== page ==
GOP to subpoena White House over Solyndra

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Solyndra's CEO Brian Harrison and Chief Financial Officer Bill Stover at Capitol Hill for a House Oversight and Investigations subcommittee hearing.

Susan Walsh/AP

The fallout from the government’s failed $535 million bet in solar panel maker Solyndra expanded on Friday, with the Obama administration seeking an independent audit of Energy Department loans even as the Republican-led House Energy committee threatened a subpoena of the president.

White House officials said the audit would focus on the health of existing loans in the Energy Department’s multi-billion dollar portfolio of investments in clean tech firms.

Solyndra, the first recipient of Energy Department backing, collapsed in bankruptcy and is now the subject of multiple investigations. The Energy Department and White House backed the half billion dollar investment in Solyndra, government emails show, even as budget and Treasury officials were raising red flags.

“Today we are directing that an independent analysis be conducted of the current state of the Department of Energy loan portfolio, focusing on future loan monitoring and management,” White House chief of staff Bill Daley told the Associated Press. “While we continue to take steps to make sure the United States remains competitive in the 21st century energy economy, we must also ensure that we are strong stewards of taxpayer dollars.”

The audit will be conducted by former Treasury official Herb Allison, who stepped down in September 2010 after overseeing the Troubled Asset Relief Program. A former investment banker, Allison has served on the boards of financial and educational institutions and contributed to both Republicans and Democrats over the years, according to federal contribution records in the CQ MoneyLine database. He was national finance chairman for John McCain’s 2000 campaign.

Previous General Accountability Office reports have questioned the Energy Department’s handling of its loans and loan guarantees, saying the agency sometimes showed favoritism in making awards and didn’t always follow up to ensure projects were on track. “DOE has treated applicants inconsistently,” said one report. “Although our past work has shown that agencies should process applications with the goals of treating applicants fairly and minimizing applicant confusion, DOE’s implementation of the program has favored some applicants and disadvantaged others in a number of ways.”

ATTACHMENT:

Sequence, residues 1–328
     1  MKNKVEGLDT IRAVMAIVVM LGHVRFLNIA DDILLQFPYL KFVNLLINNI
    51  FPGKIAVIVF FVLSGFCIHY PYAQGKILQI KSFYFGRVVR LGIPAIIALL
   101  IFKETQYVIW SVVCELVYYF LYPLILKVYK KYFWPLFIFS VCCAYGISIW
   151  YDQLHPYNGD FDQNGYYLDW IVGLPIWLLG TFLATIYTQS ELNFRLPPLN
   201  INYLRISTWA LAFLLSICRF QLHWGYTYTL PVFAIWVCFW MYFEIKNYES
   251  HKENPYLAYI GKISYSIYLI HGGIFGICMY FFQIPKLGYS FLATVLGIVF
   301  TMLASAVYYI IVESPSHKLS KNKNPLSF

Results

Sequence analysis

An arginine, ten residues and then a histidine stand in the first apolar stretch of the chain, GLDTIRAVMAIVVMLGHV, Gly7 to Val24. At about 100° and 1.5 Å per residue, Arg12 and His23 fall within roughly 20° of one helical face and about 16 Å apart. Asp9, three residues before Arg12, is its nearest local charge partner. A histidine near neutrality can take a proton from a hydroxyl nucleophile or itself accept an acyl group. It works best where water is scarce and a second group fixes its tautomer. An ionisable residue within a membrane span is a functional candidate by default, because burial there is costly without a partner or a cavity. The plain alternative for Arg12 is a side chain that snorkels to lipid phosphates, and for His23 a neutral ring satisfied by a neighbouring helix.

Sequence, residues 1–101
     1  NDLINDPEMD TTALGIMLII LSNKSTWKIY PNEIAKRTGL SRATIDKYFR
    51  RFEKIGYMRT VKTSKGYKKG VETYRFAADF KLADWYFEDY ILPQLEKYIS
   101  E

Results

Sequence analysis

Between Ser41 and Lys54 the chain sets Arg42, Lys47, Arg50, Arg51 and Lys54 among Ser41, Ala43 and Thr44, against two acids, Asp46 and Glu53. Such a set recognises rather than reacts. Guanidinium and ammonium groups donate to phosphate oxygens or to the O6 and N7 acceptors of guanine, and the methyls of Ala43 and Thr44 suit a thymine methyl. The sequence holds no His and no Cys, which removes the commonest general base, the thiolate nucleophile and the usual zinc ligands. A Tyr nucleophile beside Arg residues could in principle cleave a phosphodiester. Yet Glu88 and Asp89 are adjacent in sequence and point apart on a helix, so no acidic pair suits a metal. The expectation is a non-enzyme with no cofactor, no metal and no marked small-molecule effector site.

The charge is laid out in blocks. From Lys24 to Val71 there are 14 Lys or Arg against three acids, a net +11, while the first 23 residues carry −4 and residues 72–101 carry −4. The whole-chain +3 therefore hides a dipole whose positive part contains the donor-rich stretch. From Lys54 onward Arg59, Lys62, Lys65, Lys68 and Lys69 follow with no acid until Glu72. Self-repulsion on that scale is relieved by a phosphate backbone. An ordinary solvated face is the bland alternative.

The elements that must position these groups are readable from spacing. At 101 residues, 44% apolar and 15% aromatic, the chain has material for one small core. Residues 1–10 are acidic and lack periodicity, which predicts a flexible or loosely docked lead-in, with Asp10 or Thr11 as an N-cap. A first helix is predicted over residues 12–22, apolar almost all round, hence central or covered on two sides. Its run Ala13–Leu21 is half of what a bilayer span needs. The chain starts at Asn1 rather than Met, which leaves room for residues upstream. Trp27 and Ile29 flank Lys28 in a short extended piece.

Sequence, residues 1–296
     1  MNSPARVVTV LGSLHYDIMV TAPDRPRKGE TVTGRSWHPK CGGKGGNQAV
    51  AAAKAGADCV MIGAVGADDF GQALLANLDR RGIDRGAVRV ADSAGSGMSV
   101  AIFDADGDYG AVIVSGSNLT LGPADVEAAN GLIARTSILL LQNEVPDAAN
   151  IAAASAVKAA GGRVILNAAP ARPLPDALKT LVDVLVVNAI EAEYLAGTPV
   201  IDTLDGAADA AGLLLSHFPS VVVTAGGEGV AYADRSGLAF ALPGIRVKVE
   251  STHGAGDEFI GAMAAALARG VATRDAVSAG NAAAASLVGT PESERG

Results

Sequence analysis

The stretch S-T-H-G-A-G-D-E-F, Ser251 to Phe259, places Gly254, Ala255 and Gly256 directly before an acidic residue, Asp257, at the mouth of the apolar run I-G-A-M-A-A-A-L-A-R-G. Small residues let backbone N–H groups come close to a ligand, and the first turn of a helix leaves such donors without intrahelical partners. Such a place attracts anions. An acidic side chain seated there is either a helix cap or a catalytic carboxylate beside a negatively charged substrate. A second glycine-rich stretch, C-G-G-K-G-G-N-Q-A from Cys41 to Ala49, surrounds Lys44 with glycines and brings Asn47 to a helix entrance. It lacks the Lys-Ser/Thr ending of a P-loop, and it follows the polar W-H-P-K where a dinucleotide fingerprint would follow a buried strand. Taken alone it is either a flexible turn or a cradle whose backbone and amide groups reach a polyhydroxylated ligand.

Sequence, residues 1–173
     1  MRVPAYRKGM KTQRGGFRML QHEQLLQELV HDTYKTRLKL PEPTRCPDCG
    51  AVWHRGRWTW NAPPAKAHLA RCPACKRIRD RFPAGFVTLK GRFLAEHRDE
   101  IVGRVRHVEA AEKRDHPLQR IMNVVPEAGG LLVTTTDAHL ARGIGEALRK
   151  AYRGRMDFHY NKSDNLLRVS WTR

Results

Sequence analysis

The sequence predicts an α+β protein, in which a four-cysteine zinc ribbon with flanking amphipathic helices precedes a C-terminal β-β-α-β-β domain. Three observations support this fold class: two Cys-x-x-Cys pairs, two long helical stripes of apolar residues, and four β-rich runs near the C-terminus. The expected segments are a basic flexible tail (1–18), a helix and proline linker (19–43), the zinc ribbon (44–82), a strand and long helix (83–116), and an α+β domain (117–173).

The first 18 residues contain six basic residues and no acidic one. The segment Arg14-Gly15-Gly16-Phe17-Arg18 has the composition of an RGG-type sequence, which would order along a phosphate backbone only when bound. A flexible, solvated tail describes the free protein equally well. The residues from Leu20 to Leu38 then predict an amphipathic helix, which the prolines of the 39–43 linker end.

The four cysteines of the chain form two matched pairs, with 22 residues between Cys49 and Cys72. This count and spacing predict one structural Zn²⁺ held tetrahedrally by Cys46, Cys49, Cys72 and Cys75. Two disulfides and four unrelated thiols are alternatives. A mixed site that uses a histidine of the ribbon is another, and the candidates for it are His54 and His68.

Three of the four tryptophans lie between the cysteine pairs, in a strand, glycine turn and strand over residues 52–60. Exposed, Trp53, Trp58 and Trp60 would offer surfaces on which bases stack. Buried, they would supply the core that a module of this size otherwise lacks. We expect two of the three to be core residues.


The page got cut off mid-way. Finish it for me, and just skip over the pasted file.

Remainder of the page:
Energy Department officials say they back game changing technologies, and that projects are awarded on merit.

The White House said the new audit will not include Solyndra, which is already facing investigations by the FBI and Inspectors General at the Treasury and Energy Departments, along with the House Energy and Commerce Committee.

As the White House pushed for the audit, Republican members of the House committee raised the stakes on their eight month investigation of the Solyndra loan.

Friday, House Energy and Commerce Chairman Fred Upton (R-Mich.) and investigations subcommittee head Cliff Stearns (R-Fla.) said they will hold a hearing Thursday to consider seeking a subpoena of “internal White House communications relating to the Solyndra loan guarantee.”

The White House, which has provided Congress 70,000 pages of correspondence from agencies within the government about Solyndra, has twice rejected the committee’s requests for internal White House correspondence – citing what White House counsel Kathryn Ruemmler called “long-standing and significant institutional executive branch confidentiality interests.”

Upton and Stearns said the White House has yet to invoke executive privilege – and do not believe it would apply in this case. “We fail to see why internal White House communications about a loan guarantee to a solar panel manufacturer would implicate issues of national security or the other foundations upon which the Supreme Court has recognized the Privilege,” they wrote in a statement.

The committee members said they may seek communications from Obama’s top aides, including former White House Chief of Staff Rahm Emanuel, Senior Advisor Valerie Jarrett, former National Economic Council Director Larry Summers, and Ron Klain, former Chief of Staff to Vice President Biden.

“Subpoenaing the White House is a serious step that, unfortunately, appears necessary in light of the Obama administration’s stonewall on Solyndra,” the statement said. “What is the White House trying to hide from the American public?”

Earlier this year, the Republican-led committee pressed a subpoena for Office of Management and Budget records on the Solyndra deal. That subpoena was approved in a vote that fell along party lines.

Rachael Marcus contributed to this report.

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